The main difference between a buy-out and a buy-in is that the management are external to the company. This means that a MBI will generally require more due diligence than a MBO. The external management will not be as well informed as internal management and will need to consider the company’s affairs carefully before making an offer.

Despite the different character of MBOs and MBIs, the legal structure of the transaction will typically be the same. Typically, a new corporate group is formed as part of the management buy-in process. The group will comprise of a holding company and a wholly owned subsidiary. The holding company acts as the investment vehicle for the private equity fund and the managers. The subsidiary by contrast is the company that will acquire the target company.

Funding a MBI

Most MBIs are financed through a combination of debt and equity, although other hybrid sources such as mezzanine and vendor deferred loans may also be used.

Equity will normally comprise of ordinary shares and redeemable preference shares. Subordinated loan capital is also commonly referred to as being equity in a buy-out/buy-in scenario, although strictly it is a type of debt.

Debt finance will normally consist of a combination of senior debt from banks and institutional investors and junior debt (mezzanine, second lien finance, high yield debt and PIK). Senior debt will normally be the largest part of the debt finance in any buyout, and will consist of funds to complete the purchase as well as ongoing working capital.

In a typical private equity transaction, the investors and management will subscribe for shares in the holding company and its subsidiary will act as the bank debt and acquisition vehicle.

MBIs and private equity

A high proportion of buyouts are financed by private equity. MBIs will almost certainly involve private equity backing because they represent a higher risk to an investor than a MBO.

Private equity funds will commonly invest money in a MBI in return for a proportion of the shares in the company, although it is not uncommon for private equity backed-deals to involve a loan component as well.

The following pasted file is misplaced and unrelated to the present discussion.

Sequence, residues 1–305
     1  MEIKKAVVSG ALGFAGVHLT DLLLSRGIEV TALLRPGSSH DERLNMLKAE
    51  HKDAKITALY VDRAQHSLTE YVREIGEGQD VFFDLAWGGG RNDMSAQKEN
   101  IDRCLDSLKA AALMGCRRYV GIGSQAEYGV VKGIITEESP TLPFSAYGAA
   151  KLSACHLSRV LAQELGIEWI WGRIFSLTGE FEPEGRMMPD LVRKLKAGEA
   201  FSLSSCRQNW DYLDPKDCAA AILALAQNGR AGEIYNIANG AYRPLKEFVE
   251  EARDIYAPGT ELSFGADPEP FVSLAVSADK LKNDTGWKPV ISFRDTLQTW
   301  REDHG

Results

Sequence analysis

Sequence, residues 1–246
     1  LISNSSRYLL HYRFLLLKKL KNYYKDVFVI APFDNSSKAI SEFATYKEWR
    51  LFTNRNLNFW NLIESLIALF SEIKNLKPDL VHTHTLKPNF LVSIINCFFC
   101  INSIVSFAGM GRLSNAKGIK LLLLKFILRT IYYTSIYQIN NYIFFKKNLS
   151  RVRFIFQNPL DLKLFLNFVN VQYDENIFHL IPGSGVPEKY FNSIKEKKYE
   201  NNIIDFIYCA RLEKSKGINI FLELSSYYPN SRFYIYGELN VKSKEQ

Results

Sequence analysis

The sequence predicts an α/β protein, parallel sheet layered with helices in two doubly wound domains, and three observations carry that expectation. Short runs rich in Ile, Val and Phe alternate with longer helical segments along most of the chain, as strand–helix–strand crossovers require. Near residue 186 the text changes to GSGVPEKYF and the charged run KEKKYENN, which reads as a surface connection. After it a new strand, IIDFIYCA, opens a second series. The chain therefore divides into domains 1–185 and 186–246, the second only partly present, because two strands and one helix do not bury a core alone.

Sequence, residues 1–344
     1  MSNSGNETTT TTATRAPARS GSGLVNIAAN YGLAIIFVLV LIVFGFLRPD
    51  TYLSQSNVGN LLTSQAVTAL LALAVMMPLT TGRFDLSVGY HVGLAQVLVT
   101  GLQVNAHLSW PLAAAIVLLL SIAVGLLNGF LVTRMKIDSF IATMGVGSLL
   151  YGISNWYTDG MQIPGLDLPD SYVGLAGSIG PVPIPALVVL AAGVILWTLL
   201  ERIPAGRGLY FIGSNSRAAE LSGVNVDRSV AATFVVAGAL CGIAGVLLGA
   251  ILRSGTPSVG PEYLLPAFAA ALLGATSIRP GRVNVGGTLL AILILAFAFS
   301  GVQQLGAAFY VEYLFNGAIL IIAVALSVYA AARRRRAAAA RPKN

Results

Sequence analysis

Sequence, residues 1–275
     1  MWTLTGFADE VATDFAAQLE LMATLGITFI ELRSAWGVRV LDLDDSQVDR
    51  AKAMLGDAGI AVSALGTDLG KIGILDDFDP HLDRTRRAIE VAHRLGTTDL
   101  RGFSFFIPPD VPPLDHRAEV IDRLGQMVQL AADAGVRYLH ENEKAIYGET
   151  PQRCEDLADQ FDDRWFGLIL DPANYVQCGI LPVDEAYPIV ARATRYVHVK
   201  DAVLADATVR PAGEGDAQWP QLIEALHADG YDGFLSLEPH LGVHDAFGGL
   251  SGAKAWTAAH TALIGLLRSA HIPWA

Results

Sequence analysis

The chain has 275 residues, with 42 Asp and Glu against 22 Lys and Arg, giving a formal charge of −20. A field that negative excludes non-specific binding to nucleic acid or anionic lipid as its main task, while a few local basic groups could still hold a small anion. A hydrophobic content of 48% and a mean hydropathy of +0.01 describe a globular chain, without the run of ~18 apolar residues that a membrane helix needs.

Management teams should be aware that private equity funds may have different goals. Private equity backers tend to look to make a return (aka ‘exit’) on their investment in three to five years. Management, by contrast, tends to hold a longer term view perhaps extending to the end of their careers.

Private equity backers will also want to conduct extensive due diligence before making an investment. This may even include psychometric testing of the management team.

What is a BIMBO?

A BIMBO is a buy-in management buyout that combines characteristics of both a management buyout and a management buy-in. A BIMBO occurs when existing management, together with outside management, decide to buy out a company. The existing managers represent the buy-out portion while the outside management represent the buy-in portion.

BIMBOs are normally a type of leveraged buyout (LBO) that aim to refresh the direction of a company and streamline its operations. External management offer an influx of new ideas, experience and contacts to revitalise a company.

What are the disadvantages of a BIMBO?

For a BIMBO to work, new and existing managers must get along. New managers will likely have new ideas that they wish to implement right away while existing managers may wish to protect their own turf. This can result in conflict and employees taking sides. Pronounced conflicts between management may distract from the core business and may mean that a company doesn’t run as intended.

BIMBOs often involve an increase of debt on the balance sheet of a company. Management should be careful that the fundamentals of the business are adequate enough to service this debt and not cause financial stress for the company.